How can Uganda benefit from DRC’s admission to EAC?

AUTHORSHIP: Ms Aida K Nattabi (above) works with the Economic Policy Research Centre. The article was co-authored by Mr Swaibu Mbowa.

What you need to know:

The embrace of regional judicial protocols and political willingness are vital to facilitate a market-driven economy that allows trade to flow. 

The East African Community partner states have endorsed the admission of Democratic Republic of Congo into the bloc. This comes after DRC’s expression of interest to join the EAC in June 2019, appreciative of the need to tap into the bloc’s market and labour access among other benefits. 

The DRC has successfully demonstrated suitability in the first seven steps to obtain admission, including a verification mission conducted by the EAC to evaluate its fitness to join the community as per the EAC Treaty criteria, in June 2021. The DRC is now three steps away from the conclusion of the admission process.

The EAC stands to benefit from DRC’s admission in several ways: DRC shares borders with five of the six-member states, and satisfies the geographical proximity clause of the EAC Treaty. Secondly, DRC’s trade potential is facilitated by a common language, Kiswahili which is spoken by 50 per cent of Congolese and is East Africa’s official language; this will ease trade transactions. Third, DRC has a population of 81 million and therefore, widens the commodities market for the EAC states, including access to labour.While the above benefits generally accrue to the bloc, it is necessary to highlight how Uganda can leverage this admission to increase its trade flows, specifically bilateral trade with DRC. The Economic Policy Research Center studies show that DRC’s total formal imports from Uganda have stagnated at 3.1 percent of its total imports for the last decade. This is because DRC’s main imports are high value manufactured commodities, which Uganda cannot produce competitively, such as electronics, machinery, automobiles and pharmaceutical products.  These constituted an estimated 40 per cent of DRC’s total import bill in 2018. Products such as lime and cement, iron and steel where Uganda has developed a reasonable production capacity, also still command a small market of DRC’s imports of 5.1 and 0.84 percent respectively. This has negatively affected Uganda’s total trade revenue from its trade with DRC.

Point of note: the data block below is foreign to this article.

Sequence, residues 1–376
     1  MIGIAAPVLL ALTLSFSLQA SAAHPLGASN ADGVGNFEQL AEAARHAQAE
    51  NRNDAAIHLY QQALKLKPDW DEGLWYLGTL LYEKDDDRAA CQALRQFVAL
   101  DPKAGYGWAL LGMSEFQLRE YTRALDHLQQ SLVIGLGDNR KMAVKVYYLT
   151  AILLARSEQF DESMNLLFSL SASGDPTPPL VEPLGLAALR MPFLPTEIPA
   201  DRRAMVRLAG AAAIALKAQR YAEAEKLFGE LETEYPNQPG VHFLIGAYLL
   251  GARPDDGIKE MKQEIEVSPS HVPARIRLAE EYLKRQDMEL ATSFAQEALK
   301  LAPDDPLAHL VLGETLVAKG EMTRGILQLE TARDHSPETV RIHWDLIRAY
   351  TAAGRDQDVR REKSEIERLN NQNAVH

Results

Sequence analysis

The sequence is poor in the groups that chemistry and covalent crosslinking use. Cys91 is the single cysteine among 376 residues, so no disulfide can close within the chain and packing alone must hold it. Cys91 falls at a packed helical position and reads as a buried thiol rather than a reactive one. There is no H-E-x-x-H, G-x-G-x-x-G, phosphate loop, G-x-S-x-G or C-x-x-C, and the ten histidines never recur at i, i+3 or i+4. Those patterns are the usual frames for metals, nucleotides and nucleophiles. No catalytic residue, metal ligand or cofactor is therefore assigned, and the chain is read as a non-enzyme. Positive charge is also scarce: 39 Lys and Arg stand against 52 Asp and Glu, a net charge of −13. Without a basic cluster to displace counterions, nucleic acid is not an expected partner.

However, an analysis of the potential trade effects due to free trade with DRC, estimates that Uganda is likely to increase its formal exports to DRC by $60.4 million, on account of geographical proximity and pre-existing bilateral trade.

The largest gains will be realised in the export of processed food and beverages, mainly sugar, palm oil, broken rice, sweet biscuits, and wheat flour; metal and mineral products. 

This highlights the dominance of food and beverages in the manufacturing sector, therefore, trade liberalisation with DRC presents an enormous opportunity for Uganda to invest and transform the agricultural sector to higher value-addition/agro-industrialisation in accordance with the third National Development Plan (NDP III). This should be in line with regional and international product standards.

Growth in the metals and minerals exports to DRC is expected, especially of iron and steel, cement and petroleum products. This will require extensive private sector investment to mitigate the supply side constraints, but also subsidisation of production costs such as electricity prices and taxes.

Uganda still grapples with limited advancements in technology to produce high value manufactured products such electronics, machinery, and automobiles.  However, through its industrial strategy  it can leverage the recent developments in the automotive industry by Kiira Motors cooperation (Kiira EV) and the mobile phone manufacturing plant in Namanve Industrial Park, but also establish itself as a re-export/assembling hub to supply these products in the long run.  Nonetheless, for Uganda and other EAC states to benefit, full commitment to the EAC Treaty and integration objective is required to overcome conflict/trade wars between states and arbitrary border closures.

Aida K. Nattabi and Regean Mugume are research analysts at EPRC, Makerere University.

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